Bank of America’s employee satisfaction at record high — thanks to its paid parental leave policy

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When Steven Daigle, a regional senior vice president at Bank of America in Boca Raton, Florida, became a father of four in 2017, he was given time off to care for his newborn twins, Providence and Joshua. After the birth, his wife Kim stayed home the first six months, and Steven took the next four, which allowed them to keep the twins out of daycare for the first 10 months of their lives.

“My parental leave was an amazing opportunity to step away from the day job and focus on bonding with and caring for my 6-month-old twins,” Daigle says. “From the feeding routine, to daily walks or changing diapers — I enjoyed every minute of getting to know my children during this important time in their lives.”

Steven had paid leave, but his wife, who works for another company, had to take time away from work that was not paid.

“It is absolutely critical that [my time off] was paid,” he says. “To not have that financial stress while we were caring for the twins made all the difference in the world.”

Daigle is just one Bank of America employee who has benefitted from the company’s 16-week paid parental leave policy, which went into effect in 2016. In fact, Bank of America says the policy has helped drive employee satisfaction with benefits to an all-time high.

Each year, the company measures growth and employee satisfaction through an employee engagement survey, which has increased over the last several years.

“Our satisfaction with benefits are basically running at an all-time high,” says Chris Fabro, global head of compensation and benefits at Bank of America. “It is certainly helping drive our ability to keep teammates in the bank and help them grow their careers here, so we see less turnover.”

Although Bank of America has provided their employees with paid parental leave for decades, the company chose to extend its benefit from 12 to 16 weeks in 2016. The policy is gender-neutral, and the company doesn’t differentiate between primary and secondary caregivers.

“We want to see both moms and dads actively engaged in the parental process,” Fabro says. “We think it’s important for all teammates to take time away and really come back recharged and engaged and feeling good about themselves and their families. Because when they do that, they return to work even more committed than they were before.”

See also: Employers zero in on paid parental leave

Although parental leave is a hot industry trend, research has shown that men are less likely to take leave and they take it for shorter periods. Many companies are still trying to figure out how to get new fathers to take time off, which is why Bank of America says it tries to make sure that fathers actually use the parental leave benefit.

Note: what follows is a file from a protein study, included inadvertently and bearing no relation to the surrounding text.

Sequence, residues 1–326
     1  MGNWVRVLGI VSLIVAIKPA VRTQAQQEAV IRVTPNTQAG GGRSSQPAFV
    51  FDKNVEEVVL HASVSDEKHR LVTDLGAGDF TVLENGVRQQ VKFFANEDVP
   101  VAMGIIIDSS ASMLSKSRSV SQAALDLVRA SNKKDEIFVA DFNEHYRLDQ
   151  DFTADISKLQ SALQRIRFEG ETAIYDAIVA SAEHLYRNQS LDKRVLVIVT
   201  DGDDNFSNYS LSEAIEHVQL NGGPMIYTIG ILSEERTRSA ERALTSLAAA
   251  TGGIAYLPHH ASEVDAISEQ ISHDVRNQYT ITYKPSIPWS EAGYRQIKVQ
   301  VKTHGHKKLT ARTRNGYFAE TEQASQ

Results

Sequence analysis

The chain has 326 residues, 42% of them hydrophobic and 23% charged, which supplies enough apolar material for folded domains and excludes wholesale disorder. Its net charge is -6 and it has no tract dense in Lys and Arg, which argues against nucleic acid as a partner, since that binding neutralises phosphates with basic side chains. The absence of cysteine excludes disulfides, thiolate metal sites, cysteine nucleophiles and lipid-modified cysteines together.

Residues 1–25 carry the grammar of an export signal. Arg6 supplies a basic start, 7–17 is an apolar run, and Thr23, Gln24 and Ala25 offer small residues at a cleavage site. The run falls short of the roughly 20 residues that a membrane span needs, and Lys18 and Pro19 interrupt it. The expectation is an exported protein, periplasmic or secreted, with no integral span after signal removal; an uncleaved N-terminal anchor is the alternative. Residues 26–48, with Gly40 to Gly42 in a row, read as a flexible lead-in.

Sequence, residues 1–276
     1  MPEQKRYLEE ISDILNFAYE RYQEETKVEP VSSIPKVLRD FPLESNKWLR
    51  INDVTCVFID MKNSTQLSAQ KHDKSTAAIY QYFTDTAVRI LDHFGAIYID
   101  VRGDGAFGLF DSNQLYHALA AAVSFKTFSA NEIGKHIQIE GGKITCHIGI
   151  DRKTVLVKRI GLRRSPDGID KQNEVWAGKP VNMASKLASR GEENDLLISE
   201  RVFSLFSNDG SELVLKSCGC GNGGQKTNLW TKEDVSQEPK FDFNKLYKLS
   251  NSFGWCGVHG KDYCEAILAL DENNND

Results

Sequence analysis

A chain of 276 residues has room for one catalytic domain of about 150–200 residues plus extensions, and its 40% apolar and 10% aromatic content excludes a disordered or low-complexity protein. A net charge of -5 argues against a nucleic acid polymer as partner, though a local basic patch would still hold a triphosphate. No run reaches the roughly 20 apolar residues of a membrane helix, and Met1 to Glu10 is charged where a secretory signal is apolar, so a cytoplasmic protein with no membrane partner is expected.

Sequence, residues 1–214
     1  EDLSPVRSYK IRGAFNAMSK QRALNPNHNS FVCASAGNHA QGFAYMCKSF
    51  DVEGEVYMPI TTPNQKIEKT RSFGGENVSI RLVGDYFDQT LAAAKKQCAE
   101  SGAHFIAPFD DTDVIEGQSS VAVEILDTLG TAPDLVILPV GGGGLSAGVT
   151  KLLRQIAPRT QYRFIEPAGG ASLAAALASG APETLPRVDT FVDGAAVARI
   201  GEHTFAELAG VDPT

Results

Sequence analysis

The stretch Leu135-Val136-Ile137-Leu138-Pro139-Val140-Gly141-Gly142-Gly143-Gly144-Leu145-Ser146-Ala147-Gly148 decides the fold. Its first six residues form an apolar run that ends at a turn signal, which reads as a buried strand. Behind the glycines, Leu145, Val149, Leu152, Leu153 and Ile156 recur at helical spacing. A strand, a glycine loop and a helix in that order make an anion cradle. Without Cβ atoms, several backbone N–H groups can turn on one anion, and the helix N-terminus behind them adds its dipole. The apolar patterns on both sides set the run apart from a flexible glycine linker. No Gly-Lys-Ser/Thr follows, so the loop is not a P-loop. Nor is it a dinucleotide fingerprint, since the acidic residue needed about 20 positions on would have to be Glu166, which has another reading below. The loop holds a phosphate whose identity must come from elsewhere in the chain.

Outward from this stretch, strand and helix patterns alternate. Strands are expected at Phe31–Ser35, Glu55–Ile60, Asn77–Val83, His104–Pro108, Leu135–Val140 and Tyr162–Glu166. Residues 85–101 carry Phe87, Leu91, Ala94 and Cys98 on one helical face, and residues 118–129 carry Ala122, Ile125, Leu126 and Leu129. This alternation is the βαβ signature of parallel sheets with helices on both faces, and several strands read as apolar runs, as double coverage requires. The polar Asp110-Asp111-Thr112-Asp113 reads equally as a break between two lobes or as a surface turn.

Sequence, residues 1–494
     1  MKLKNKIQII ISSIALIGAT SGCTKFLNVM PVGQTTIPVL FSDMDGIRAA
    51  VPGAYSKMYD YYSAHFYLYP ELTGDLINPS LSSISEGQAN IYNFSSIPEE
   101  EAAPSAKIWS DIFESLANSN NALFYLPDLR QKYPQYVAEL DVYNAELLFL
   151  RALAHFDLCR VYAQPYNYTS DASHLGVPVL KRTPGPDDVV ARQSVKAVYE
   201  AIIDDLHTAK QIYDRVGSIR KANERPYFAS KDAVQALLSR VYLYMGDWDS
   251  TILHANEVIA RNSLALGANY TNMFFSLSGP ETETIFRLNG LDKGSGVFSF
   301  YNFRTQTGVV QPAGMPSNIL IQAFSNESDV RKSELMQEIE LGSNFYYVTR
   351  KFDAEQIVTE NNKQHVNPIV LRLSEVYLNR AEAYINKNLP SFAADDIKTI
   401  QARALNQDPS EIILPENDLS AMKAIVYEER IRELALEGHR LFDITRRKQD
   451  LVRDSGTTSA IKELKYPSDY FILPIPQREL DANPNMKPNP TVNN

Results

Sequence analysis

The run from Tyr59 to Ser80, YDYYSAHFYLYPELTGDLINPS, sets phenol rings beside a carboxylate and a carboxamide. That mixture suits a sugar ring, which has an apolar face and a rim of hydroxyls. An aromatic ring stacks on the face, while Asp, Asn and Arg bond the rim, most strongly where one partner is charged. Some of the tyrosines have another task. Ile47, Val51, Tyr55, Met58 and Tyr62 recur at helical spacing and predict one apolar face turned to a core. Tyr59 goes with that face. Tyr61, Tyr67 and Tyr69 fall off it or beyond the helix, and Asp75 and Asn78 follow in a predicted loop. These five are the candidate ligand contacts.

“There’s been a stigma in cultures where, for whatever reason, caregiving responsibilities has tended to fall more toward females, and we want to make it clear that dads can play an important part in that too,” Fabro says.

“We think this is important. Our employees all have different lives and unique responsibilities, so we give our employees the flexibility to choose when they take that time off,” he says.

The number of employers offering paid parental leave benefits jumped to 27% in 2018 from 17% in 2016, according to the Society for Human Resource Management. Companies are increasingly recognizing time off for new parents as a competitive edge in recruitment, as well as a way to increase employee productivity and retention.

“[Not offering employees parental leave] is not sustainable; [there has to be] support for these huge life events. I mean, you have to recover after having a child and you have to bond with the baby,” says Jennifer Allyn, diversity strategy leader at Firm PwC. “It’s about work-life integration, so that employees can achieve all of their goals and be more satisfied, and then ultimately more productive.”

More companies may be offering paid paternity leave to their employees, but it is still far from being a standard in the benefit industry. The United States does not have any federal laws mandating paid parental leave, although the Family and Medical Leave Act provides certain employees with up to 12 weeks of unpaid, job-protected leave per year.

A few states, including Washington and California, have also passed local paid family leave laws. In California, a study found that its paid leave law increased women’s labor force attachment in the months surrounding a birth. Research on the long-term employment consequences of state paid leave programs is not yet available, but an increase in short-term attachment is likely to translate into long-term employment gains, another analysis found.

See also: How close is the US to mandating paid parental leave?

Bank of America is supportive of federal efforts to create national leave laws, including parental leave, Fabro says. The current patchwork of parental leave ordinances, that can vary by state and local laws, makes communicating and administering benefits challenging, he says.

“At 16 weeks, we’re above all those minimums, but it does present a challenge,” he says. “Any progress to help improve consistency or set guidelines that reduce complexity for employers and managers of having to administer such a wide range of different plans and different places, that’s a positive.”

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Employee retention Employee engagement Paternity leave Maternity leave PTO policies Voluntary benefits Benefit management Benefit strategies Bank of America